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Amber wasn't chosen as the root for electricity for its color but for its properties ... You rub amber and you get static electricity. Amber in Latin is electrum (from Greek, ήλεκτρο (ilektro)). From that, Gilbert then made the Latin word electricus, whence electric, whence electricity.

We often call it 'power' or 'current' ... both Latinates. Sometimes one might say the 'light bill' insted of the 'electric bill'. (In Spanish, informally it's call 'luz' (light) insted of electricidad.)

He could hav chose glær and latin it ... glaeric or with a more OE ending, glaerlic, that would hav lookt latinish.

AnWulf April 24, 2013, 8:53am

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@Ængelfolc ... Here's another one for your etym skills. Here is one that has bother'd me for a long time … and I still don't know what to make of it, but I still play with it from time to time.

OE acofrian; p. ode; pp. od To recover; convalesce: -- Wunda opene raþe ácofriað (exalanf), belocene þearle wundiað
[Uorto acoueren his heale, A. R. 364. O. H. Ger. ar-koborōn.]

… swap v for f and you hav 'acover' (ME acoveren, acouren [OE cofrian, corresp. to OHG ir-koborn]) … so some shape of 'cover' is seen in OE and hints at a *cofrian … or is the OHG from a PGmc, from the PIE and thus has nothing to do with the French/Latin? I don't know. … Or the OF 'covir' is from a Frankish word (rather than Latin) from the PGmc or a blend of Frankish and Latin?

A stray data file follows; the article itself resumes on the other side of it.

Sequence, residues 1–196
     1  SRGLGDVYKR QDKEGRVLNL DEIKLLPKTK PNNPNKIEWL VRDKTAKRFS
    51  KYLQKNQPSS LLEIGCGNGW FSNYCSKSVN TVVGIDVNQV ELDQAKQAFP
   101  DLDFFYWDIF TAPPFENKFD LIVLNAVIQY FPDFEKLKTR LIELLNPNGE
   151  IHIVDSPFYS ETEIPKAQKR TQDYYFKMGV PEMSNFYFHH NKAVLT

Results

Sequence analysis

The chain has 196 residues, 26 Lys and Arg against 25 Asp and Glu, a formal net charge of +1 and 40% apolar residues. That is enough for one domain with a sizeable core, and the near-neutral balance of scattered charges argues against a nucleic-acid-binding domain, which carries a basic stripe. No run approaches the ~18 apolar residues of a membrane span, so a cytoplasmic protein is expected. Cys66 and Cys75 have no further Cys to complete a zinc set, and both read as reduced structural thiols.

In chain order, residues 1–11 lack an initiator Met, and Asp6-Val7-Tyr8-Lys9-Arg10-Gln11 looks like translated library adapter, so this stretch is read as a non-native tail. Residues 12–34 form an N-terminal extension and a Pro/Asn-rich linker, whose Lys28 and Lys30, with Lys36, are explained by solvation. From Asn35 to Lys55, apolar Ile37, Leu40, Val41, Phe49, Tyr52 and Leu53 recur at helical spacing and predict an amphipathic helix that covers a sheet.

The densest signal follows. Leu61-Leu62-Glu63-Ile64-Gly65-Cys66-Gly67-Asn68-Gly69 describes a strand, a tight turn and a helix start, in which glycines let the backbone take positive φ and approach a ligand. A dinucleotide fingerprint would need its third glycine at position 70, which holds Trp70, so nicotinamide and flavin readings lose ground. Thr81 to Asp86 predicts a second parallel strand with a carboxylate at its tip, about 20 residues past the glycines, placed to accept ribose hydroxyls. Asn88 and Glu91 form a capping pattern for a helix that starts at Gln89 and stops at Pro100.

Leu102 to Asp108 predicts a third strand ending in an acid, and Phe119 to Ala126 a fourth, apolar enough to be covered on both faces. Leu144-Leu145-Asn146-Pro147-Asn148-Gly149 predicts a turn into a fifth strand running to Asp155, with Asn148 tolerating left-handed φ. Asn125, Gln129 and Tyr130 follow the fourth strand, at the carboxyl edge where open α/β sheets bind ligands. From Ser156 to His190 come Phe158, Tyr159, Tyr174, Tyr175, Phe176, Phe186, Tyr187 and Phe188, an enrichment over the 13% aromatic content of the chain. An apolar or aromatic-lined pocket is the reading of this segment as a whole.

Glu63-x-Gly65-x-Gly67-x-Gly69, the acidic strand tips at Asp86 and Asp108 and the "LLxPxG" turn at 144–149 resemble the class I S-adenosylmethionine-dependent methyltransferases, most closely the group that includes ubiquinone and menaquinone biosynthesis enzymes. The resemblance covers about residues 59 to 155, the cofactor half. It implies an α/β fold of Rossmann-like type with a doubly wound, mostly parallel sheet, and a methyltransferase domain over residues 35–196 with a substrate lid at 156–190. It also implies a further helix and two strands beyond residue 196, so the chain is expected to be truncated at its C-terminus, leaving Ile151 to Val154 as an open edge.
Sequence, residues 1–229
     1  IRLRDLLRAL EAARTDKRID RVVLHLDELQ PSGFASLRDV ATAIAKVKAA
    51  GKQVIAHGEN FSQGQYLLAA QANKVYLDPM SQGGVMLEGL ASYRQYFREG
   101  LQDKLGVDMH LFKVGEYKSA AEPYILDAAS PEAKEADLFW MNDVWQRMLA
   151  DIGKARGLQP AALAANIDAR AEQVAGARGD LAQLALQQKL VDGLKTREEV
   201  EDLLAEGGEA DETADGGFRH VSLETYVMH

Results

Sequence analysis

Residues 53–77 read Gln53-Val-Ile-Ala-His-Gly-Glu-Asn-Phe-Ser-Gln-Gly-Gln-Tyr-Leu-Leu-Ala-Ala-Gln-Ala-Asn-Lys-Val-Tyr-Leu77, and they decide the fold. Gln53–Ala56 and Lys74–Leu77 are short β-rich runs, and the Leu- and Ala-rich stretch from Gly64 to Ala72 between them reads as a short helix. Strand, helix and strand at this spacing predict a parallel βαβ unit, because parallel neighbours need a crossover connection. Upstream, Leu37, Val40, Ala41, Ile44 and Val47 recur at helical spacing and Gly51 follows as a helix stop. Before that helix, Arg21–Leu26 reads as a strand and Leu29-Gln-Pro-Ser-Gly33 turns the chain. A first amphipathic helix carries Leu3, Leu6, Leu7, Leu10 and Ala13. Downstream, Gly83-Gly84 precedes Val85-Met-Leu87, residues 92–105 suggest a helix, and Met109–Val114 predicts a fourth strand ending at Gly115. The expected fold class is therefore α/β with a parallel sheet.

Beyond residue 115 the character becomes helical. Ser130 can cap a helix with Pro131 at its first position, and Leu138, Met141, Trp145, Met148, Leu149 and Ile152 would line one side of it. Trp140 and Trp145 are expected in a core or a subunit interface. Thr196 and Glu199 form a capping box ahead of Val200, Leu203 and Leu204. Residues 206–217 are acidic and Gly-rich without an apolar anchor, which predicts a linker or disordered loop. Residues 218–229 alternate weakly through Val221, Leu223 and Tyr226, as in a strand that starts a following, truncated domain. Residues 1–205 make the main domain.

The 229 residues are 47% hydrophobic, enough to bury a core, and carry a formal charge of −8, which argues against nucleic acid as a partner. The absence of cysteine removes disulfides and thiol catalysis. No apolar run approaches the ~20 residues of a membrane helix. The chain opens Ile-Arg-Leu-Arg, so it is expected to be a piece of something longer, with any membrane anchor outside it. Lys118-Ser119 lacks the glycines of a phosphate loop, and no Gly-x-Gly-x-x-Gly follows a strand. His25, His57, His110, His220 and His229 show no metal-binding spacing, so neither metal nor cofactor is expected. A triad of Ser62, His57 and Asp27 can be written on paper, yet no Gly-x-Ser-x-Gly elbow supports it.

Recover is found in AN French with the same meaning as 'acover'. Is 'recover' truly from Latin recuperare or from the OE 'acover' with the re- insted of a-? I think the latter.

AnWulf April 23, 2013, 7:34pm

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Another fetching word I saw yestern ... riff ... upspring unknown ... might be from 'refrain' but more like a back-shaping from riffle.

Here is the passage: ... a brilliant sci-fi '''riff''' on what happens after the end of privacy nearly ruins everything.

interpretation, take, variation

Related Words
version; adaptation, translation

AnWulf April 21, 2013, 12:37am

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@Jayles ... I don't know if it would help to teach that -fer latinates can also be thought of as the same light as the word for ferry.

Ferian was a well noted verb in OE. (Ger. führen, Dan. føre: Swed. föra: Icel. ferja to transport)
ferian, ferigan, ferigean, fergan; to ferianne; p. ode, ede; pp. od, ed [fer = fær a journey]. I. to carry, convey, bear, lead, conduct;

As was faren (fare ... Ger. fahren, faren)
FARAN, to farenne; ic fare, ðú farest, færest, færst, færsþ, he fareþ, færeþ, færþ, pl. faraþ; p. fór, pl. fóron; pp. faren, A word expressing every kind of going from one place to another, hence I. to go, proceed, travel, march, sail

Infer (from Latin in+fer ... to bring in) means "deduce or conclude (information) from evidence and reasoning rather than from explicit statements: [ with clause ] : from these facts we can infer that crime has been increasing." ... From the thesaurus (Anglo words): gather, understand, take it; read between the lines; informal reckon.

Most ink-horn words were either taken in or put together by Englishmen, true enuff. However, most were done so willy-nilly with the ettle (purpose, intent) of bringing in more latinates ... no other true reasum. Scientific words like electricity (1600 - William Gilbert) were done so with forethought to fill a nook. It was built on the Greek word for amber ( ήλεκτρο (ilektro)). He could hav chosen the Anglo word: glær. But he didn't.

And let's not forget all the French words (most latinates) brought in by Charles and his ilk after the "Restoration". ... They had been living in France during the years of exile.

AnWulf April 21, 2013, 12:34am

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@Ængelfolc ... I thought that you might find this fetching. It's a slideshow put in a PDF file: from a talk: rtsp:// about a mightlic semitic link to some Germanic/Ur-Germanic words.